H.P. Lovecraft – My Favorites so Far

Photo of H. P. Lovecraft
Howard Phillips Lovecraft (Source: WikiCommons. Public Domain.)

For about a year now I have been reading through a copy of H. P. Lovecraft: The Complete Fiction. As you would imagine, this is an omnibus that collects most of H. P. Lovecraft’s fiction; it excludes collaborative works. This is the first time I have read through the man’s work, and I am, for the most part, enjoying it a great deal. Lovecraft had a wonderful imagination, not to mention, at times, a gruesome one.

Being halfway through the stories, I thought I would look back over a few of my favorites. Lovecraft was prolific, but I wouldn’t classify everything he wrote as enjoyable. These are just a few of the stories I have enjoyed from the first half of his career.


  • The Statement of Randolph Carter – Randolph Carter gives testimony regarding his friend Harley Warren. Warren had some interesting theories regarding human decomposition, and he decided to engage in a bit of grave robbing to test these theories. As you can imagine, things go horribly wrong.
  • The Terrible Old Man – A group of young thugs decide to rob the home of a mysterious old man. Unfortunately for them, they were unaware of the rumors surrounding the old man, rumors which prompted the townsfolk to avoid him.
  • The Cats of Ulthar– When a “caravan of strange wanderers” comes to town, a horrid old couple take an interest in one of the strangers’ cats. Things don’t go well for the cat. Soon after, things really don’t go well for the old couple.
  • The Temple– A routine u-boat patrol grows mysterious as one-by-one the crew begin fear they are being watched by something in the ocean. The Lieutenant-Commander does his best to maintain order, but the u-boat soon loses power and begins to sink toward the ocean floor.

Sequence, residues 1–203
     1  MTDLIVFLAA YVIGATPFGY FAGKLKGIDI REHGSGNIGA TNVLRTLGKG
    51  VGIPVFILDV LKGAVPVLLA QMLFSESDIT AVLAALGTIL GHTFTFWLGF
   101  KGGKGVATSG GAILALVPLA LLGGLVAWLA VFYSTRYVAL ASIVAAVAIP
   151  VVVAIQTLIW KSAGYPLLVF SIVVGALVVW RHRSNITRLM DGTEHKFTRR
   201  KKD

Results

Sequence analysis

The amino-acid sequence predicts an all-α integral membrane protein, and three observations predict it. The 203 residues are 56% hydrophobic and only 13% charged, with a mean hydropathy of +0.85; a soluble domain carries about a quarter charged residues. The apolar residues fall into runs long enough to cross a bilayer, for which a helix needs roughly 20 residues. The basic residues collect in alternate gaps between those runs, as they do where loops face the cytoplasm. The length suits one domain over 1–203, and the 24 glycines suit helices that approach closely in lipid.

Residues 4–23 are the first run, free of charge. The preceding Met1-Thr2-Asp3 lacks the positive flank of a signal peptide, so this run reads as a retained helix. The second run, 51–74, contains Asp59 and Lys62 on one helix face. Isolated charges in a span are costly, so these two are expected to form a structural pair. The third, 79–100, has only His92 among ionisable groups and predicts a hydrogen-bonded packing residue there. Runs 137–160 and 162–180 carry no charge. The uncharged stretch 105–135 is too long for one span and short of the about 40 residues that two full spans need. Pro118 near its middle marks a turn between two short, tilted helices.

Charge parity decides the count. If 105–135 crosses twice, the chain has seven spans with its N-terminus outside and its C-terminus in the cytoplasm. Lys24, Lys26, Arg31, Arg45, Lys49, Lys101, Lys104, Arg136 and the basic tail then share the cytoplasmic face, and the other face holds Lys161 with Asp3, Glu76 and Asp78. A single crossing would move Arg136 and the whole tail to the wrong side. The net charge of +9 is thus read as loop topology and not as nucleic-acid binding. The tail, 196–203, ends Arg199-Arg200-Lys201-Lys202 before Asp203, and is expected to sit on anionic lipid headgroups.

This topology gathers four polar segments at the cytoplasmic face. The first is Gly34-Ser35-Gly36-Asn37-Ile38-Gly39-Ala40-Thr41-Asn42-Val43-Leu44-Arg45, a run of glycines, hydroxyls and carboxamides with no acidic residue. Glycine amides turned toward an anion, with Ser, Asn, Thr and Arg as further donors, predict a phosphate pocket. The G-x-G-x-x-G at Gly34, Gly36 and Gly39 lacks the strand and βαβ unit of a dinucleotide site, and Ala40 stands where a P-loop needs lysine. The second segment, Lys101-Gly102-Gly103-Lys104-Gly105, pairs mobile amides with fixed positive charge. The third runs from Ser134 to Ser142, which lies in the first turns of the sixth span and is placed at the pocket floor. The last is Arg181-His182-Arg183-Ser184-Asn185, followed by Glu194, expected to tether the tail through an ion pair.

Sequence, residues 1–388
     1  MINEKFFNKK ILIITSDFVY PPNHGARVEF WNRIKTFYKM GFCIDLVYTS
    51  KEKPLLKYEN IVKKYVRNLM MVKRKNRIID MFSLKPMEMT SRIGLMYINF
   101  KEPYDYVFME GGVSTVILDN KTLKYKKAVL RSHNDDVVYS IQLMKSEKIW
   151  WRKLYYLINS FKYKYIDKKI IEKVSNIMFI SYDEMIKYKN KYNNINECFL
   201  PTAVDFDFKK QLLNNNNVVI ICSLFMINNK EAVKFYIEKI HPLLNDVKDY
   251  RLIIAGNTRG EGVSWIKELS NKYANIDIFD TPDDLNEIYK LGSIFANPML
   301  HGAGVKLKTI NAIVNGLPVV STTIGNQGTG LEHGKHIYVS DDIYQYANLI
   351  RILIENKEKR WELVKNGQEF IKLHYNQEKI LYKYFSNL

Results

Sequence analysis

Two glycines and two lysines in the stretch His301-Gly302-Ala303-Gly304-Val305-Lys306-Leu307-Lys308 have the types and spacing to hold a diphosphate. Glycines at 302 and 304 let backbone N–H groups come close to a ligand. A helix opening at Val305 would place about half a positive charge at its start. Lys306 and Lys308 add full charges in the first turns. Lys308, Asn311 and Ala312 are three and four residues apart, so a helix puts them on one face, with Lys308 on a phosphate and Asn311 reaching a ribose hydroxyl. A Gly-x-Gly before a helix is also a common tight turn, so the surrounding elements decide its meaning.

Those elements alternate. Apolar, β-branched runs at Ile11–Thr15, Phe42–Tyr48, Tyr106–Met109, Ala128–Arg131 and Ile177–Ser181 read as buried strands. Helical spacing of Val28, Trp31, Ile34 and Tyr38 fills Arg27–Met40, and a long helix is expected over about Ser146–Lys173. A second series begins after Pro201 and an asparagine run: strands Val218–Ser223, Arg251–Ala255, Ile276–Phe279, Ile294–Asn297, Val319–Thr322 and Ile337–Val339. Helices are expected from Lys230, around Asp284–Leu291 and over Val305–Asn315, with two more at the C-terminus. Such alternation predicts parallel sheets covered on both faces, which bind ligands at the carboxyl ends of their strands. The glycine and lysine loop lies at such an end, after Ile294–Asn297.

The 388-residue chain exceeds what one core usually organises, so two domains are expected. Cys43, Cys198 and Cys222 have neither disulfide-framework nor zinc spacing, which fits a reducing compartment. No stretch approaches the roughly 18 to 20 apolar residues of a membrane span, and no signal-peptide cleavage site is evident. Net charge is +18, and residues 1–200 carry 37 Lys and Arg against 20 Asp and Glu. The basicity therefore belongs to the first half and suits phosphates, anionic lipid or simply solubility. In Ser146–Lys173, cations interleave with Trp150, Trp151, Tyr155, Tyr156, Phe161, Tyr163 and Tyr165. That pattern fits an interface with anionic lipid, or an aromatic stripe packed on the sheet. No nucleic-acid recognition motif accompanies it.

• From Beyond– Metaphysical researcher Crawford Tillinghast has proven the theories that caused his peers and friends to laugh at him: the world is filled with creatures beyond our sight; they float around us and through us.
  • Celephais – In this incredible story which captured my imagination, a man returns in his dreams, night after night, to a wonderful, magical kingdom. Unfortunately, as he grows older, he finds his dreams return to this land less and less. He decides to return again, no matter what the cost.
  • The Picture in the House! – In this darkly hilarious story, a researcher looks for refuge for the night in a house whose owner has a dark secret which was inspired by a horrific book.
  • The Nameless City – An archaeologist finds ruins in a Middle Eastern desert. A mysterious wind leads him to an underground passage filled with ethereal horrors.
  • The Outsider – After what seems like countless ages of imprisonment, a man finds his way out of a deserted castle and tries to find signs of human life.
  • The Music of Erich Zann – This is possibly my favorite story of Lovecraft’s early work, and it is every bit as wonderful as The Temple. The narrator recounts a time when he lived on a street that he can now no longer find, and of the mysterious Erich Zann, whose strange music seems to have an otherworldly audience.
  • Herbert West: Reanimator – While not the best story of Lovecraft’s career (but certainly not the worst), I love this story because of its understated dark humor. This is Lovecraft’s take on Frankenstein.
  • The Rats in the Wall – One of Lovecraft’s more thematically disturbing works, this story has one of Lovecraft’s recurring tropes: the last of a line learning the dark secret of his family.
  • In the Vault – This is one of Lovecraft’s more conventional ghost stories. It deals with vengeance from beyond the grave, albeit with a darkly comic reveal at the end of the story.


There are many others that I enjoyed, but these are the standouts so far. This weekend I will be hitting a milestone: I will finally read Call of Cthulhu. My expectations for this story are fairly high.

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